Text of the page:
We share five safe kids’ toothpaste your child could even swallow—although we wouldn’t encourage it. We even road tested some of them.
Dentists recommend you start brushing your baby’s teeth as soon as their first tooth emerges. However, don’t use toothpaste on their teeth until they are at least 18 months old.
It’s normal for them to swallow some toothpaste when they learn to brush their teeth (and spit). So naturally, you want to choose children’s toothpaste that will help fight dental decay but is still safe enough to ingest.
Kids’ toothpaste need to have low fluoride content, at least until they’ve mastered the art of spitting out excess toothpaste (usually around 6 years old). This is because swallowing too much fluoride over time can lead to fluorosis.
5 best kids’ toothpastes that are also safe
To help you choose a toothpaste that best protects your child’s teeth and wellbeing, we have a list of five different brands. And yes, we’ve even road tested some of them.
Grin Natural is a 100 per cent natural and eco-friendly oral care brand that uses organic and sustainably sourced ingredients. More recently, they’ve launched a new kid’s toothpaste with fluoride (with the recommended amount of 1000ppmF to prevent tooth decay) with a delicious real fruit flavour.
Grin Natural sent us their new range of kids’ products to try and five-year-old Elliott loved the non-minty strawberry toothpaste. It smelled delicious and was not “spicy” at all. We personally liked that it was a fluoride toothpaste (but still low enough to be safe) since it offers protection for his tooth surface.
Their bright orange (or red) biodegradable dental flossers were also a big hit thanks to their attractive colours. They’re also small enough to fit into young children’s mouths without losing any of its function.
All Grin Natural toothpastes (with or without fluoride) contain organic calendula oil, organic sea salt and organic aloe vera—natural bacteria-fighting ingredients that also soothe gums.
The Grin Kids complete oral care starter pack also makes for a really good gift as it comes with biodegradable flossers, a biodegradable toothbrush, toothpaste and “brushing challenge” chart and stickers. Elliott has never been more religious about brushing his teeth now thanks to the sticker chart.
Dr Hisham’s natural oral care baby teeth serum is made from food grade plant fibres for babies and children. It’s safe to ingest, doesn’t require rinsing and is free from toxins. It’s also made from eco-friendly ingredients and packaged in recyclable, refillable and reusable eco packaging.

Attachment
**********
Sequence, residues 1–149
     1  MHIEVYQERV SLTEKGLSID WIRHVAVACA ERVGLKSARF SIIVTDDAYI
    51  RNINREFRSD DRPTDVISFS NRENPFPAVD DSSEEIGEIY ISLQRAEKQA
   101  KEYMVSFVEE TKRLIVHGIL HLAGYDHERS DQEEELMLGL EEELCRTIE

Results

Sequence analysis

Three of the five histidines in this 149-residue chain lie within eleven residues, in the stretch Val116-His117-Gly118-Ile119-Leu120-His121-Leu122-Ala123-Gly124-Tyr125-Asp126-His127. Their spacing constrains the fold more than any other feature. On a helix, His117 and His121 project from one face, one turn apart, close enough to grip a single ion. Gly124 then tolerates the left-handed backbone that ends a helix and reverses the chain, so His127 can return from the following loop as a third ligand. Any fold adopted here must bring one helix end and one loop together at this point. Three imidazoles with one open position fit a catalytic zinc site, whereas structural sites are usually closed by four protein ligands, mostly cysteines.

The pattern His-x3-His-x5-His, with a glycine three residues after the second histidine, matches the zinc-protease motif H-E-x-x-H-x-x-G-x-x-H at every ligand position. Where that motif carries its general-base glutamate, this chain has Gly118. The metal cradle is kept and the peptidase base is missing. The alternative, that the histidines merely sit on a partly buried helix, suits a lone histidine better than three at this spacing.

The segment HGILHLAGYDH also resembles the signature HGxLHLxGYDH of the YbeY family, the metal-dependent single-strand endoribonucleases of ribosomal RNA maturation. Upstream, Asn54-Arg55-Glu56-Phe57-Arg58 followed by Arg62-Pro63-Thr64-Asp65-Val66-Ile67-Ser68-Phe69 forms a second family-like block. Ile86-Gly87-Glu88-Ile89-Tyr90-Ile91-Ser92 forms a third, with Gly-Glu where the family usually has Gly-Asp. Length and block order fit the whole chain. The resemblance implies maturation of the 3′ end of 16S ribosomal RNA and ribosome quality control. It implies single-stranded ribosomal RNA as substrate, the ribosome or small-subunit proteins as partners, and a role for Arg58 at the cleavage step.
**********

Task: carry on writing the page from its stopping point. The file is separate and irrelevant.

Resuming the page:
Jack N’ Jill
This was Elliott’s first-ever toothpaste and it took a long time to convince him to use different ones. From the outset, we loved the cute packaging and the peace of mind that it is swallow safe. Mint-free (or “not spicy” as Elliott would put it), it was his favourite for many years.
Jack N’ Jill toothpastes are free of fluoride, sugar, SLS, artificial preservatives and salicylate. You can even get them in a natural, flavour free version.
Popular natural skin care brand Weleda’s children’s tooth gel has been specially formulated with cavity protection in mind. There is a slight minty flavour thanks to fennel and spearmint. It’s free of sugar, artificial sweeteners, surfactants, synthetic preservatives, flavours, colourants or raw materials derived from mineral oils.
Australian made and owned Little Innoscents specialises in certified organic products for little ones. Their organic Milky Whites toothpaste is fluoride free, with no artificial sweeteners and has a very gentle surfactant. It also has a fresh minty taste with a hint of strawberry.
Children and toothbrushing FAQ
Still unsure when it comes to your children’s oral care routine? Here are the answers to some common questions.
How much toothpaste should I use?
Use only water and a soft wet cloth (or suitable toothbrush) until your child is 18 months old. (Some kids’ toothpaste, like Grin Natural, are specially formulated and can be used from 6 months).
Between 18 months and six years old, use a small pea-sized amount of kids’ toothpaste.
Why do I need to pay attention to their baby teeth?
Your kid’s baby teeth help them eat and speak, so it’s important to look after them from a young age. Baby teeth also impact on bite and jaw growth, and guide the permanent adult teeth into position. So make sure there’s plenty of adult supervision when your child is brushing their teeth, even the baby ones.
When can I move on to adult toothpaste?
From six years—around when their adult teeth start to show—you can start using a pea-sized amount of standard fluoride adult toothpaste to offer more protection for their teeth.
When should my child see a dentist?
Get an oral health check when your child is 2 years old. It’s also a good idea to continue regular check-ups with a dentist or other oral health professional.
Want more? Check out the Victoria government’s Better Health Channel on toothbrushing tips for children.
Any advice given is general in nature and is not intended as a substitute for medical advice and must not be relied upon as such. For any healthcare advice, always consult a healthcare practitioner.
This post includes affiliates and/or paid inclusions.
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